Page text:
From Healing to Healer: An Encouragement to Aspiring Counselors
By: Lexxy Trujillo, Masters Level Intern
I’ve heard it time and time again, almost as much as I have fingers on my calloused hands. The slight blush, aversion of eyes, and tucking of hair being the ear. “I wanna do this,” the brave soul sitting in the chair across from me will whisper with a sense of brave uncertainty. Each time I smile back with warm reassurance, hoping to convey all the swirling emotions and validations rapidly firing in my head with my eyes and demeanor. As this hopeful soul, that feels it’s lived a thousand lives over, understands that statement and feeling all too well, right down to the brave uncertainty. And how complex is that feeling. The bravery and sureness of knowing exactly what it feels like to be in that chair, to feel the debilitating blows the undiscriminating foe of mental health struggles throws, as well as to know the otherworldly strength it takes to get back on your feet and stubbornly refuse anything but happiness. But the contrastingly uncertain fear that insists that it is because of those exact reasons that count you out from the running. “Me too,” I quietly whisper back.
There’s a common misconception about psychology majors and counseling students in higher education. That we are all just trying to discover the missing pieces to the puzzle we never could quite find the solutions for in our own personal lives. I find this take to be nauseating for a few reasons. The most prominent of which being that it invalidates both the pursuers personal experiences as well as their aspirations. Rather than being a weighing anchor that drags you down it can actually be a great tool used to strengthen your drive as a clinician, create a more comfortable and empathetic space for your future clients, as well as increase your abilities to connect with and understand any who may enter your office. In schooling, you will be assigned all the readings. By the time you’re done you’ll have read chapters and chapters of theories in behavior, counseling approaches, and the do’s and don’t of professionalism. But the effectiveness of this knowledge can only get you so far if your client is not in a space where they feel comfortable enough to be vulnerable or understood.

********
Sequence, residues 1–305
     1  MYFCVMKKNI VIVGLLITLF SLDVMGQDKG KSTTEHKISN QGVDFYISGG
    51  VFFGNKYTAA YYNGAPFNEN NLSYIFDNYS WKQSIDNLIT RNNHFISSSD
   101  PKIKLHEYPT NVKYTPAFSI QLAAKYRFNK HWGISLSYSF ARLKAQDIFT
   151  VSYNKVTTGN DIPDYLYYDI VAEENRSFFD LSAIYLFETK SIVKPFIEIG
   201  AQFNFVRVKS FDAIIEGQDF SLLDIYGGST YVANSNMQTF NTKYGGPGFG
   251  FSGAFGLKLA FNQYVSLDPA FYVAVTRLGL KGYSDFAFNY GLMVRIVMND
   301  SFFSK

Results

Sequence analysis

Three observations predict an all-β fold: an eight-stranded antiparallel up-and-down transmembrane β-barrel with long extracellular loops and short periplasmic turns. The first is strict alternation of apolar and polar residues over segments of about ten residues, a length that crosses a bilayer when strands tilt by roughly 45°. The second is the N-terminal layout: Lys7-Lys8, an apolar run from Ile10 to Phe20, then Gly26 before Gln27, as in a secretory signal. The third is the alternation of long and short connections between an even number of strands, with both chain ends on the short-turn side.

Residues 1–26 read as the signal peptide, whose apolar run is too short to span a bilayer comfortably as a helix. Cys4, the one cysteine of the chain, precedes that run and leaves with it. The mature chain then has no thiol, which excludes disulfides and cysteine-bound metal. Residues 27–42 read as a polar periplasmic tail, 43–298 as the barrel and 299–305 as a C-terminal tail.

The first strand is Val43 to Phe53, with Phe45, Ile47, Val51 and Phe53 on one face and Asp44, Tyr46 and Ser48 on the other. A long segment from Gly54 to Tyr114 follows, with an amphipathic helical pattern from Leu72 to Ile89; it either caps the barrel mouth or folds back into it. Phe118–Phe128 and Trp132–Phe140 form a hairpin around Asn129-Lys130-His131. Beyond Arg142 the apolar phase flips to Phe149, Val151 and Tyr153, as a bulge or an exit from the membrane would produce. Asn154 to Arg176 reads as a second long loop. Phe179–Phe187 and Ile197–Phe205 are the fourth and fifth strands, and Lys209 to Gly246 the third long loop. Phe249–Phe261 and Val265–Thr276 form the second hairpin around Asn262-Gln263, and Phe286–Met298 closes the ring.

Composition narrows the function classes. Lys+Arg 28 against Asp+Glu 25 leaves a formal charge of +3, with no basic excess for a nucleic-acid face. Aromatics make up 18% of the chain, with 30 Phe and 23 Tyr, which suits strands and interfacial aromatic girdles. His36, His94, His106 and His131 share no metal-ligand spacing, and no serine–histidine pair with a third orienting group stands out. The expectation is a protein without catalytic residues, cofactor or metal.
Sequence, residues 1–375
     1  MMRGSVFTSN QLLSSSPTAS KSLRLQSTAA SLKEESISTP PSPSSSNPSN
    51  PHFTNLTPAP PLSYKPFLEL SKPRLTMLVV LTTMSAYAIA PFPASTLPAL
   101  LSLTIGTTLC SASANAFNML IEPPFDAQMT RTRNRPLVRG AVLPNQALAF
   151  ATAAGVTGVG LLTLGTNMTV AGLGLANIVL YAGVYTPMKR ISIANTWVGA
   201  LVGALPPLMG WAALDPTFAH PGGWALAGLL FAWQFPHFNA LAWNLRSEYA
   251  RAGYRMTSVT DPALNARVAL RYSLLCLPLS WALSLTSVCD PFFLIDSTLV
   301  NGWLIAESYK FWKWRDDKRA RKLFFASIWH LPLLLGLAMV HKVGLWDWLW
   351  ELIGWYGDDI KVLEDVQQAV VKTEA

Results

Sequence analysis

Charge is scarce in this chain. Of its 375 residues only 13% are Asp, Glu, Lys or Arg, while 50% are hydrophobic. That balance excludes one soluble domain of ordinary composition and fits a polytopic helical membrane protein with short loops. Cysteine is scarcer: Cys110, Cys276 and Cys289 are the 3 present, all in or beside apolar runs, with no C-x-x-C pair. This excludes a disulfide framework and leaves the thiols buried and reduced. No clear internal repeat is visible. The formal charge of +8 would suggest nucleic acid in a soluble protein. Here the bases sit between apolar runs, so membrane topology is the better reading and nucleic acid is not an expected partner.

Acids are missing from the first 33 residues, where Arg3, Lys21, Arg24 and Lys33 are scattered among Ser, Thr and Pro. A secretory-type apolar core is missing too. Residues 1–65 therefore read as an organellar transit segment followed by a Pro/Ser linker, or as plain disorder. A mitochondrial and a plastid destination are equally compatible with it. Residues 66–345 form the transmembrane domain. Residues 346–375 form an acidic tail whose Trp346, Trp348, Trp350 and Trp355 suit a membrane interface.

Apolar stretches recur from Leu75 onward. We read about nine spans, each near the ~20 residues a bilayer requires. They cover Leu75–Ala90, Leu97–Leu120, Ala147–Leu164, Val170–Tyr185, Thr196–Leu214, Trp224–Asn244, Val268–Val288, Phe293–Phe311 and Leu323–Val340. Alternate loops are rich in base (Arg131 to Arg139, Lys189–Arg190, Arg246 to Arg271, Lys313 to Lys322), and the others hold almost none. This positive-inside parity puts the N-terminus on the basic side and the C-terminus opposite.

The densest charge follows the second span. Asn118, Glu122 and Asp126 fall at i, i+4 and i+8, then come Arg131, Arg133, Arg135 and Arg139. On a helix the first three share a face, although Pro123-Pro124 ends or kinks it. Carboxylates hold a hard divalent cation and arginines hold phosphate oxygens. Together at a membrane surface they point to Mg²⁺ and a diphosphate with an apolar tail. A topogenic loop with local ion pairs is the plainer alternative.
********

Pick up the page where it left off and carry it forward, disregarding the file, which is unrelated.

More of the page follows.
As I child and throughout much of my walk in life, I didn’t have the understanding to comprehend what was happening within me nor the resources to properly cope with such. I’ve fallen in love with the quiet solace of my present life and have no regret abouts the treacherous journey it took to get here. But I won’t deny that before I got to this secure place of acceptance I used to wonder what life could have been, what I could have achieved, and all the hardships I didn’t have to go through. That is the core of my drive for this career and the warmth extended in sessions. In the quiet confines of my tiny office, in between sessions, I’ve shed tears of pure joy over seeing my younger clients make the smallest of strides because it is indicative of all the big changes that can be created in their lives and all the chances that I never had the opportunity for. That empathy extends beyond the younger clients too. Even if I can’t personally relate to a client’s exact circumstance, I understand the pain and trials that come along with fighting the seemingly intangible foe of mental health struggles. The frustration of fighting against oneself and discovering our limbs to be more foreign than familiar. I can not fight battles for them or promise they’ll never experience another heartache, but I can be there to provide a safe space in which they feel comfortable enough to build skills to better tackle future stressors and build the confidence in them that knows they can do it too. At minimum, I can at least provide them an ear that’ll never judge nor assume. I used to think of all the lost happiness and good times that passed me by due to the lack of resources and education available to me. But I’m eased by the change I get to create and the resource I get to be for those I encounter in the future.